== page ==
Take the 2-minute tour ×
Stack Overflow is a question and answer site for professional and enthusiast programmers. It's 100% free.

I have been asked to implement validation tests on the javascript part of our website. I've been considering using selenium WebDriver. One of the things we want to test is the UI: check whether it "looks" good (things that must be aligned are aligned, boxes are in the right position).

For the moment, the only option I found was to take a snapshot using Selenium, and either compare it to a test snapshot manually taken beforehand, or check the snapshots manually. The snapshot comparison is not very maintainable, as any change in the layout requires all the test snapshots to be taken again, and the manual check is very time consuming.

Does anyone know of any way (in Selenium or other) to achieve this?

share|improve this question

2 Answers 2

up vote 0 down vote accepted

It's not nice, but it can be done to some extent.

For positioning, you can use WebElement's getLocation() (Java doc, but the same method exists in all Selenium bindings). Note that most browsers render slightly differently, so do not expect things to be pixel-perfect when working with older IE. Also, things might be positioned slightly differently when e.g. the first font defined in CSS was not found and an alternative was used. Don't rely heavily on this method. But if you'll be able to make your tests sane and your environment stable, it will work.

For aligning, I wrote a simple Java method for WebDriver that asserts that an element is visually inside of another element.

There should be no false negatives, but there could be some false positives in the case when the inner element is visually inside, but its (invisible) actual borders "peek out". I haven't bumped into this problem, however, in my real experience, since nice websites behave nicely and don't need such hacks :). Still, it's kinda hackish and Selenium wasn't designed for this type of work, so it might be harder to implement more complex checks.

public static void assertContains(WebElement outerElem, WebElement innerElem) {
    // get borders of outer element
    Point outerLoc = outerElem.getLocation();
    Dimension outerDim = outerElem.getSize();
    int outerLeftX = outerLoc.getX();
    int outerRightX = outerLeftX + outerDim.getWidth();
    int outerTopY = outerLoc.getY();
    int outerBottomY = outerTopY + outerDim.getHeight();

    // get borders of inner element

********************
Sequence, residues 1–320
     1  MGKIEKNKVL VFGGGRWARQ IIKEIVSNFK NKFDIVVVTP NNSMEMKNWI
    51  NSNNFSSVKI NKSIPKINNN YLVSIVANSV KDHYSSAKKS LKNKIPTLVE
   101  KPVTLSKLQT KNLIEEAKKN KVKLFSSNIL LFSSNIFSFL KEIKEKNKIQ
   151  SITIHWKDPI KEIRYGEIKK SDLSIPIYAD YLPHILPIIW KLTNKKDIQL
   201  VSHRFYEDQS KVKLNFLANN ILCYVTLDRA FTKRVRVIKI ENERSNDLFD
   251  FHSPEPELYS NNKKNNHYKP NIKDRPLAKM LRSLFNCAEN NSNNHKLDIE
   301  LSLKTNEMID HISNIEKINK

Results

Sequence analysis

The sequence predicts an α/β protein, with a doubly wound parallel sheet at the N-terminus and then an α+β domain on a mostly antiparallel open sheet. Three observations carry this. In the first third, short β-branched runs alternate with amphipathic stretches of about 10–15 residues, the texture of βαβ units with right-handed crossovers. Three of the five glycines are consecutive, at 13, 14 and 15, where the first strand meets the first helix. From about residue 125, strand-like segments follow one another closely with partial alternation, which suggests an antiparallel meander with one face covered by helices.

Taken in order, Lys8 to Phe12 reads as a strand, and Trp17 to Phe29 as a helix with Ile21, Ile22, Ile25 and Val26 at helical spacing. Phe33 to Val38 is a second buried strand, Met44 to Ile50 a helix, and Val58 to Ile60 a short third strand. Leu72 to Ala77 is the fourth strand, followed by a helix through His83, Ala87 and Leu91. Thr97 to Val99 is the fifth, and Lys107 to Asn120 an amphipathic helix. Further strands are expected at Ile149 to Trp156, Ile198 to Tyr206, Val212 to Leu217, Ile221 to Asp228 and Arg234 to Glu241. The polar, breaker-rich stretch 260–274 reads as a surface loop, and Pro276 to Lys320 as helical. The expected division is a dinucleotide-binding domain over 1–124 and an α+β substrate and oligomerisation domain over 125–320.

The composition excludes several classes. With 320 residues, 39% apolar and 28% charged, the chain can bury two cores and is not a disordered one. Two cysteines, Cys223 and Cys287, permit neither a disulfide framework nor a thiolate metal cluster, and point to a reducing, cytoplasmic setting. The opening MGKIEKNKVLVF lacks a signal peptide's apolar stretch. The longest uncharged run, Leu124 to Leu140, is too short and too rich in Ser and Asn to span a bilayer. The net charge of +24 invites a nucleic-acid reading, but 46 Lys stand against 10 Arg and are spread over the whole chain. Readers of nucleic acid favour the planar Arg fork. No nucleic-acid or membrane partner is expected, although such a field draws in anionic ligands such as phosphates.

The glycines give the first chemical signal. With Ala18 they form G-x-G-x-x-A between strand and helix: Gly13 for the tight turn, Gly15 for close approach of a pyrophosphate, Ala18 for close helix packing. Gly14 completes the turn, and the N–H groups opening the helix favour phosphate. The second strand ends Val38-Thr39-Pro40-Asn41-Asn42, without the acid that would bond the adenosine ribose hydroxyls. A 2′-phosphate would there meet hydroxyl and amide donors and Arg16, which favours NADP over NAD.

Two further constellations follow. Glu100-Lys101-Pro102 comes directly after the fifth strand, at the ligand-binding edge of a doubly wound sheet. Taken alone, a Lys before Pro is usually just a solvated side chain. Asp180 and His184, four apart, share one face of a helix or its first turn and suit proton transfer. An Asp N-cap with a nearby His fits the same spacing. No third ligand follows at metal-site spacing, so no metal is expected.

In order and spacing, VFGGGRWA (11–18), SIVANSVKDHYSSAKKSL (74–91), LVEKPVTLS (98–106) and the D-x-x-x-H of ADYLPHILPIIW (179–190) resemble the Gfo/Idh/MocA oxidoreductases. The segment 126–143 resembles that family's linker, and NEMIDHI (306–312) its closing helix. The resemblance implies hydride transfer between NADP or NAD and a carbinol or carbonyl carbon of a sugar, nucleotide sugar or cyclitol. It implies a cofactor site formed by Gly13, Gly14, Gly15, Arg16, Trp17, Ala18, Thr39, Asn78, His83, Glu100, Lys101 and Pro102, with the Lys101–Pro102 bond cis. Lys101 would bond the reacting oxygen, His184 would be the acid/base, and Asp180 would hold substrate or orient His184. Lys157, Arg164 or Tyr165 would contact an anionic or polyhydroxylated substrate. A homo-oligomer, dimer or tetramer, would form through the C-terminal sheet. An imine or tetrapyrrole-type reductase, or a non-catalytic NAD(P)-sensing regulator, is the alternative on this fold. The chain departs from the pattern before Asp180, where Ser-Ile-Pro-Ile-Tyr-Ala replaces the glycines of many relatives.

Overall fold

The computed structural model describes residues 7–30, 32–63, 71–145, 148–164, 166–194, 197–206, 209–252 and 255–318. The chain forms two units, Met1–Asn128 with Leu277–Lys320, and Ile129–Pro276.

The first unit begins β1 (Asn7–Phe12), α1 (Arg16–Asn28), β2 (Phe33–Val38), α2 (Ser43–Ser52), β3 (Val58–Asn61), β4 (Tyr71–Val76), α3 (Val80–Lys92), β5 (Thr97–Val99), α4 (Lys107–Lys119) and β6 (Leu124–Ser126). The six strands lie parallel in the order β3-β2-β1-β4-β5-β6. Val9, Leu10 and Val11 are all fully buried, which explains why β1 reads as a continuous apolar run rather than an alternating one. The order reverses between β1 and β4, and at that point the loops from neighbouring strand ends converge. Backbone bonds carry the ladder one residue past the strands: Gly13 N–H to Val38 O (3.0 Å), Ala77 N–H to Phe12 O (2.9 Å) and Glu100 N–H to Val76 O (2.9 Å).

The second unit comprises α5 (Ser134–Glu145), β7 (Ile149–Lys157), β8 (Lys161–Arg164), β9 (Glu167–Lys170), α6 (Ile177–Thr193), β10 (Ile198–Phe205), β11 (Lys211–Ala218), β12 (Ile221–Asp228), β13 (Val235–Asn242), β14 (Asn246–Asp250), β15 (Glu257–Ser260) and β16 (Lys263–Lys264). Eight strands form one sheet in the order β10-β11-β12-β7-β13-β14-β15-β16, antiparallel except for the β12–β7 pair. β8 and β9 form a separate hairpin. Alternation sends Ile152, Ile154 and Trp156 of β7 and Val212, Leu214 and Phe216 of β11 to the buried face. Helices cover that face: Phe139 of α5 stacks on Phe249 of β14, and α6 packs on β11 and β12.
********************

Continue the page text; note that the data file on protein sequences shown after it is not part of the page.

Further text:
Point innerLoc = innerElem.getLocation();
    Dimension innerDim = innerElem.getSize();
    int innerLeftX = innerLoc.getX();
    int innerRightX = innerLeftX + innerDim.getWidth();
    int innerTopY = innerLoc.getY();
    int innerBottomY = innerTopY + innerDim.getHeight();

    // assures the inner borders don't cross the outer borders
    final String errorMsg = "ughh, some error message";
    final boolean contains = (outerLeftX <= innerLeftX)
            && (innerRightX <= outerRightX)
            && (outerTopY <= innerTopY)
            && (innerBottomY <= outerBottomY);
    assertTrue(errorMsg, contains);
share|improve this answer
Thanks! I'll test that. –  Stilltorik Jun 28 '12 at 7:50

If you use term validation in meaning: "Test that we have built the right thing", I would say it is nearly impossible to automate this. How will you judge if it looks pleasing or that it is easy to use, if not by having some people to really use it?

This kind of visual checks are also something humans are good at. If you use the website at all while developing it, you will notice quite easily if there is something fishy with the layouts and such.

For functionalities automated tests are good idea.

share|improve this answer
I realize that computers aren't very good at answering the "it looks pretty" question. But I'd like to be able to define some rules (this and this should be aligned, etc...) that could be automatically checked. I know checking it manually is the most reliable way, but if we can save ourselves that, that'd be great :-) –  Stilltorik Jun 28 '12 at 7:47

Your Answer


By posting your answer, you agree to the privacy policy and terms of service.

Not the answer you're looking for? Browse other questions tagged or ask your own question.